|Scientific Name:||Eptatretus polytrema|
|Species Authority:||(Girard, 1855)|
Bdellostoma polytrema Girard, 1855
|Taxonomic Notes:||Many authors reported the occurrence of polibranchiated hagfishes in Chilean waters under the species name polytrema. However, these citations pertain to unrecognizable species in that neither count had useful proportions or color notes provided. A complete list of names and references of these unassignable records was provided by Wisner and McMillan (1988), which also contains citations under the species name dombey (Gastrobranche dombey La Cepède, 1798) or dombeyi (Gastrobranchus dombeyi Shaw, 1804), an unrecognizable myxinid from Chile.|
|Red List Category & Criteria:||Data Deficient ver 3.1|
|Reviewer(s):||Polidoro, B., Knapp, L. & Carpenter, K.E.|
This species is only known from a few museum specimens off the coast of Chile, and has not been recorded since 1988. There are no current threats known to the species, as current trawling activities have ceased. However, given is shallow depth range, it is unusual that no specimens have been recorded in over 20 years, indicating that historical trawling activities may have significantly reduced the population through bycatch incidences and habitat destruction. It is listed as Data Deficient. More information is needed on this species distribution, population, biology, life history and impact of past trawling activities.
|Range Description:||This species is found off the coast of Chile, from Bahía Inglesa to Talcahuano (about 27° to 37°S). One specimen reported from the O’Higgins seamount group, eastern Juan Fernandez Islands, at 33°27'S, 77°52'W.|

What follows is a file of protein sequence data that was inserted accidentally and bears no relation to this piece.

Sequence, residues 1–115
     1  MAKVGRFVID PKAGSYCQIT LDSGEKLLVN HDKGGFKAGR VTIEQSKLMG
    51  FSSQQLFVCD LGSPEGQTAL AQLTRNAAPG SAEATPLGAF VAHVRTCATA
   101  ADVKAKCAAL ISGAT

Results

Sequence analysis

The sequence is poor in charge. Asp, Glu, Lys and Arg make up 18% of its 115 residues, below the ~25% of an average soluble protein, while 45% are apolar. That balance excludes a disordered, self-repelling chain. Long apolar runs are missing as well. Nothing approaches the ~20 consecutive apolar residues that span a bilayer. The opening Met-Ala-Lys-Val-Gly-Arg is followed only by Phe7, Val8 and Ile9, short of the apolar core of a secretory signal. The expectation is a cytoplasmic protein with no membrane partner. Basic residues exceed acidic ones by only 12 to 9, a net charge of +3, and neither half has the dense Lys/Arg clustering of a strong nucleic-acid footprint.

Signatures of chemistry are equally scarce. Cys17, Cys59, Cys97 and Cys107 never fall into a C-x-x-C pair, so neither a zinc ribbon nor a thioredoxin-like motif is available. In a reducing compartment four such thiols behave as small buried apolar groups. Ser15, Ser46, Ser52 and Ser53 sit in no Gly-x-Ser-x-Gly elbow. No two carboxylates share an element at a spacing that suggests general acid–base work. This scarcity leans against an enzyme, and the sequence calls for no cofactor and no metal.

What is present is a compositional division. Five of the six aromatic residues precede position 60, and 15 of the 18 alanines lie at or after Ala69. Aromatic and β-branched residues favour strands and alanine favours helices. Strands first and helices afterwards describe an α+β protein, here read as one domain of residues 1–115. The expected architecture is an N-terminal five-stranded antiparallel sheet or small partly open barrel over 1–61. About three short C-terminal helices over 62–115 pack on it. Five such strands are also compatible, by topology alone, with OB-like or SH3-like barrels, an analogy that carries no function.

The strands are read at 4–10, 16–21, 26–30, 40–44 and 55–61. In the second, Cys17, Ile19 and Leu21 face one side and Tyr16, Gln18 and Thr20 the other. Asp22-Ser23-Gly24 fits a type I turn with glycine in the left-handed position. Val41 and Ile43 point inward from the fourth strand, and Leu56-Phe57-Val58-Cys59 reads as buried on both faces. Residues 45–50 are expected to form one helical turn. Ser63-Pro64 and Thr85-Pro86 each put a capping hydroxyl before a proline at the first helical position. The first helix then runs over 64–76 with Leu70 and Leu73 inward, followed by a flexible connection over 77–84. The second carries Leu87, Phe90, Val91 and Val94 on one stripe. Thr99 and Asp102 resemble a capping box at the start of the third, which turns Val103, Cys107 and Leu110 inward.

|FAO Marine Fishing Areas:||
Pacific – southeast
|Range Map:||Click here to open the map viewer and explore range.|
|Population:||The population of this species is known from only a few museum specimens. Last records date back to 1988 and no specimens have been reported since then.|
|Habitat and Ecology:||
This species is usually living on muddy and rocky bottoms from shallow coastal waters to upper slope and seamounts at depths from 10-350 m. Of the 19 specimens examined by Wisner and McMillan (1988), 13 were mature females with developing eggs. Four females (385-447 mm total length (TL)) had from 24-40 well developed eggs ranging from 16-27.5 mm in length and about 4.5-7 mm in diameter. One 289 mm female was considered immature.
The copulatory organ is absent for this species. The gonads of hagfishes are situated in the peritoneal cavity. The ovary is found in the anterior portion of the gonad, and the testis is found in the posterior part. The animal becomes female if the cranial part of the gonad develops or male if the caudal part undergoes differentiation. If none develops, then the animal becomes sterile. If both anterior and posterior parts develop, then the animal becomes a functional hermaphrodite. However, hermaphroditism being characterised as functional needs to be validated by more reproduction studies (Patzner 1998).
|Major Threat(s):||There are no known direct threats to this species and bottom trawling activities along the continental slope have almost ceased, likely due to a collapse of the shallow water fisheries. Mid-water fishing continues but this is not a threat to the species (Roberto Melendez pers. comm.).|
|Conservation Actions:||There are no conservation measures in place, but more research is needed on species' biology, population size, distribution and the historical impact of bottom trawling activities along the continental shelf.|
|Citation:||Mincarone, M.M. 2013. Eptatretus polytrema. The IUCN Red List of Threatened Species. Version 2014.2. <www.iucnredlist.org>. Downloaded on 21 September 2014.|
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